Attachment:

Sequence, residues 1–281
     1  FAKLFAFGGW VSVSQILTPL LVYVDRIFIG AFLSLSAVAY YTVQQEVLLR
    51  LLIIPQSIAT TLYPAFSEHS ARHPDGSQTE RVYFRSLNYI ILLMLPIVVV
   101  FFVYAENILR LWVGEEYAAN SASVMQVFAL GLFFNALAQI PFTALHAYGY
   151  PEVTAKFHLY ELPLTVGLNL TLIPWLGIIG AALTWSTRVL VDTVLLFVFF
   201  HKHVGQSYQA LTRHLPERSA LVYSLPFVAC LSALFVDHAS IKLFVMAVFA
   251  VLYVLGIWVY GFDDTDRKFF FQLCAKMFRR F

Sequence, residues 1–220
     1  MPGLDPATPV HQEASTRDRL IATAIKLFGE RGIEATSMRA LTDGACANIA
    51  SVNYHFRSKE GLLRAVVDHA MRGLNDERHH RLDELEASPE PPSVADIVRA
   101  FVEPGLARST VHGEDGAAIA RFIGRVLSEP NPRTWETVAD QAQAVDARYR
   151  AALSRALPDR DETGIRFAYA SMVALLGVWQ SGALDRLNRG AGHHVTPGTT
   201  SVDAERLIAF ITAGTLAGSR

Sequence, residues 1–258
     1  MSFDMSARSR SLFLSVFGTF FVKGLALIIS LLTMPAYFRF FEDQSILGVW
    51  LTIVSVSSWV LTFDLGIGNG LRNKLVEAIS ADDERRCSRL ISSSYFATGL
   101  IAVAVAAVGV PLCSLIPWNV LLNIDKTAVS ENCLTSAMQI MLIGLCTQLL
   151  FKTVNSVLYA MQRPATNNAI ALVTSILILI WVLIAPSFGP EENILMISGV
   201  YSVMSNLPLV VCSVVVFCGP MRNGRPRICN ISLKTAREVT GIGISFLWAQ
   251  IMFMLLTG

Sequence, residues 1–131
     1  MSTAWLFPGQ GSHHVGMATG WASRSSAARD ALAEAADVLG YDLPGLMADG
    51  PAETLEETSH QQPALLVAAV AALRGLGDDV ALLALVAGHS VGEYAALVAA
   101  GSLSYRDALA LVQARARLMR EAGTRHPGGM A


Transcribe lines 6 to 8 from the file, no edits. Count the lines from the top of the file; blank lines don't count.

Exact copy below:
   201  HKHVGQSYQA LTRHLPERSA LVYSLPFVAC LSALFVDHAS IKLFVMAVFA
   251  VLYVLGIWVY GFDDTDRKFF FQLCAKMFRR F

Sequence, residues 1–220